Currents Clips

In an effort to immerse New York Sea Grant's Web site visitors, social media followers and NY Coastlines e-newsletter subscribers into our program's coastal research, extension and education efforts, the links below will bring you to stories that now include a one to two minute video summary that you can quickly stream and view in one click.

Each video clip has been filed in a specific month, which is how these stories are organized ...

March 2024 back to top

Upstate NY Communities Share Resilience Success Stories in NYSG Video Case Studies More>>
This video series explores Great Lakes topics including resilience, green infrastructure, and the freshwater system's watershed.

2023 Community-Engaged Fellowship: Olivia Bonilla — My Perspective, My Field, My Future More>>
Olivia Bonilla, a Summer 2023 Sea Grant Community Engaged Fellow with New York Sea Grant, assisted the research of Sarah Weisberg, Ph.D. candidate at the Stony Brook University School of Marine and Atmospheric Sciences in the laboratory of Janet Nye, Ph.D. After her fellowship completed, Bonilla finalized a video that highlights some of her collegiate experiences.

May 2023 back to top

Hard Clam Selective Breeding Project: An Introduction More>>
The Sea Grant Hard Clam Selective Breeding Collaborative aims to improve the aquaculture industry on the Atlantic coast, by finding and establishing more resilient lines of clams. 

July 2020 back to top

NYSG Provides Fast Draw Video on High Tide Flooding More >>
High tide flooding typically occurs a few times a year during the new and/or full moons, when the moon, Earth, and sun are aligned, causing a stronger gravitational force, resulting in higher than usual tide levels.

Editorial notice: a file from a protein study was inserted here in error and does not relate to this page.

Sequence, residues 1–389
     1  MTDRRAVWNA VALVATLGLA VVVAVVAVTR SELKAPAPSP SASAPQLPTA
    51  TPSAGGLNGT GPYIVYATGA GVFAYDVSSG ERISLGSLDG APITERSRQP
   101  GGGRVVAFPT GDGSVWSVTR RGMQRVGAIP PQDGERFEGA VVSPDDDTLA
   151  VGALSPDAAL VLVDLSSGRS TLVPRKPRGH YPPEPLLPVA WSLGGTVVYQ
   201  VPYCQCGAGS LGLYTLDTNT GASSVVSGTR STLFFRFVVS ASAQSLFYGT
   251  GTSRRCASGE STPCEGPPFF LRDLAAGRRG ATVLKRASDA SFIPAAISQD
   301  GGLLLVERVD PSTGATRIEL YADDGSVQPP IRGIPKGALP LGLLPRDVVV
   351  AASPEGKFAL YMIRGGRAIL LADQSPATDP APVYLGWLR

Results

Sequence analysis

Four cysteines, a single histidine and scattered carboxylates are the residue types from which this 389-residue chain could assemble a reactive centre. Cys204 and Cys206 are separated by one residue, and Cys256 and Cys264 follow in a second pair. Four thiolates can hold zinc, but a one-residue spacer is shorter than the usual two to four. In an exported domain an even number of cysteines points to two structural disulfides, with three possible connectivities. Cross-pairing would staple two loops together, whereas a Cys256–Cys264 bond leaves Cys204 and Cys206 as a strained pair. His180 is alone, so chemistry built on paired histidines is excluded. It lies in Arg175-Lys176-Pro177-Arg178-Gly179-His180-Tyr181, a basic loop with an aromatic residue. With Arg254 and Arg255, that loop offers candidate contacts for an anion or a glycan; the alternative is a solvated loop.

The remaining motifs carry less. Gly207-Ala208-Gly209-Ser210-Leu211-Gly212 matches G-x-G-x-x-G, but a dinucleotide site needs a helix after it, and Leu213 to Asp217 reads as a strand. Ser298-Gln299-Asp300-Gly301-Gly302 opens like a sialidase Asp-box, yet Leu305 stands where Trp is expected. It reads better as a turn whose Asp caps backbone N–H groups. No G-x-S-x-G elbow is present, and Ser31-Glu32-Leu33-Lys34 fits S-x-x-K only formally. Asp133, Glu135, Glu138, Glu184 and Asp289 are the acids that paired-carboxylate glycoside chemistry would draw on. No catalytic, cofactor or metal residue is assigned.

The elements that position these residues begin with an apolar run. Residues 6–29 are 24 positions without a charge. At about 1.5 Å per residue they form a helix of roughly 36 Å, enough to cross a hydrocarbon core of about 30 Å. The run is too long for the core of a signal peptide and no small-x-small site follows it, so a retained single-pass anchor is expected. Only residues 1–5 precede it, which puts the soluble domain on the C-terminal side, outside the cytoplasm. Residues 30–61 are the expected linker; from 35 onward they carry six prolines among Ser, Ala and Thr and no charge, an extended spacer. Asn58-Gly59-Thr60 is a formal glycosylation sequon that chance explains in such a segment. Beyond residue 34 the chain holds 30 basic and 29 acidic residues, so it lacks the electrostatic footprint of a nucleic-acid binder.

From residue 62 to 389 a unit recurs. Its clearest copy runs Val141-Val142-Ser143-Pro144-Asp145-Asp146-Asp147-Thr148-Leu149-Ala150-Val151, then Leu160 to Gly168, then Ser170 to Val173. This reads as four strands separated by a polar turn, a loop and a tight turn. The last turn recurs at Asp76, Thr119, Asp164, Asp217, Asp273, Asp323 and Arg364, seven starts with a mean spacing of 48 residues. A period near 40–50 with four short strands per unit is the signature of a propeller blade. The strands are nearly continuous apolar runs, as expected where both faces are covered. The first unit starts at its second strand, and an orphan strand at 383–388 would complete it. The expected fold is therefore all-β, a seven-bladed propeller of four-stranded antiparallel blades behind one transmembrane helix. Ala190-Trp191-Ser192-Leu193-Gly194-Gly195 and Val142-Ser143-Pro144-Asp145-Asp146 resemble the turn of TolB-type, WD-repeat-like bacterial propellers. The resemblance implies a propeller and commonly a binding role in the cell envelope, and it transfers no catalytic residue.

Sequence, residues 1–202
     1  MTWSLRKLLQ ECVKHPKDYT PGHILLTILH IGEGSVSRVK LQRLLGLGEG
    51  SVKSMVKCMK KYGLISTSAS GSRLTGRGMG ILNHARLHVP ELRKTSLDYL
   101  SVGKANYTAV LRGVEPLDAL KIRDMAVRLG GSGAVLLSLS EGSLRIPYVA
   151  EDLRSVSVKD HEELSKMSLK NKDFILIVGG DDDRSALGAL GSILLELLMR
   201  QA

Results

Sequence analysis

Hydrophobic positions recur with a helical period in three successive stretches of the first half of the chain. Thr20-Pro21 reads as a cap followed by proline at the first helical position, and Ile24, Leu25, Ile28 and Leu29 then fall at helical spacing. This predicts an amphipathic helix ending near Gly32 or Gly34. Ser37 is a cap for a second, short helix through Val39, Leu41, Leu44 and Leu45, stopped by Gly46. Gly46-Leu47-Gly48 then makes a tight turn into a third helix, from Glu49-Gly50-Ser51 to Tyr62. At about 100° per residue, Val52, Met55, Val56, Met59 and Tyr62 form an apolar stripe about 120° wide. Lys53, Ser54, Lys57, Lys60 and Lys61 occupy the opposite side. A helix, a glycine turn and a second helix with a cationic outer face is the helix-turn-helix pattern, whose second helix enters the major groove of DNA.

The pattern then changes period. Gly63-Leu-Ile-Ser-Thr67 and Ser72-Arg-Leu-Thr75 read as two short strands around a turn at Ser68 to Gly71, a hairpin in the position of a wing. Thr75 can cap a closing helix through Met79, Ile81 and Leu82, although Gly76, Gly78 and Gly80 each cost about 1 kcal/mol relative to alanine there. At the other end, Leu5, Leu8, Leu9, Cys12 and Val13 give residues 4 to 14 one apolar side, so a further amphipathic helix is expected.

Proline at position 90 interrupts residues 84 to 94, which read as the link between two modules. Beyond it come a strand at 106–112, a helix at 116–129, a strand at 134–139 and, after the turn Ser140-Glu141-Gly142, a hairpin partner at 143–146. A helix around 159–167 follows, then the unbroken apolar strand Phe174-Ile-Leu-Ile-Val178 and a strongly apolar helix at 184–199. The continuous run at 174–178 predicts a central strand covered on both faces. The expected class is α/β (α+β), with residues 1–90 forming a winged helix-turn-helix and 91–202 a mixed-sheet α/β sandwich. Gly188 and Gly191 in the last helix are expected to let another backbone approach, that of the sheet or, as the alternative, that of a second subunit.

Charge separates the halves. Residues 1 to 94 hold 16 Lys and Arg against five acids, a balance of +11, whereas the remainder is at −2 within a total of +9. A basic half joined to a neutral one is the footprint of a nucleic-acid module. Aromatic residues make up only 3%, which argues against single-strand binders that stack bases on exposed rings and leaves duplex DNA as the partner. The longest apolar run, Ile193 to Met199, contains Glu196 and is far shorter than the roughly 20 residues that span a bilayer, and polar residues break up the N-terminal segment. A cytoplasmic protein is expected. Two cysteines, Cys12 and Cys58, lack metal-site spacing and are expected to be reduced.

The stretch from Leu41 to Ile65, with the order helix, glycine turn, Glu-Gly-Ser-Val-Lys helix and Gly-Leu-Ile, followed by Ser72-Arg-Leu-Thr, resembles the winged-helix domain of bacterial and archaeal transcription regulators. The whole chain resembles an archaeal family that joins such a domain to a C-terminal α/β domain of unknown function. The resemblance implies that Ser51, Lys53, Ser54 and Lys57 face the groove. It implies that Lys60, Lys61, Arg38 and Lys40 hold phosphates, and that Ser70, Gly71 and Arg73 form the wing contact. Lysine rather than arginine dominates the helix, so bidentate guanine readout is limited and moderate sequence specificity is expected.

September 2019 back to top

How Sea Grant Benefits You in 2019 More >>
For nearly 50 years, New York Sea Grant has worked with coastal residents, communities, businesses, teachers and residents on problems and opportunities specific activities within the land and water interface.

NYSG Research Zooms In On Water Quality, Severe Storms, Seafood Safety More >>
Results and resources from these 2018-19 NYSG investigations provide useful information to the public, businesses, coastal communities and managers.

Over $1.5 Million Funds Four Long Island Sound Research Projects More >>
Projects, which were a focus of a March'19 conference, address Sound ecological health topics, like hypoxia, biological parameters for water quality management and the scope and impact of landscaping practices.

Addressing Coastal Balloon Debris More >>
Through both removal and outreach efforts, NYSG is addressing the issue of harmful marine debris, specifically balloon pollution, which is often the result of intentional releases by people who do not connect their actions of littering to the debris problem.

Advancing Local Hazard Resiliency More >>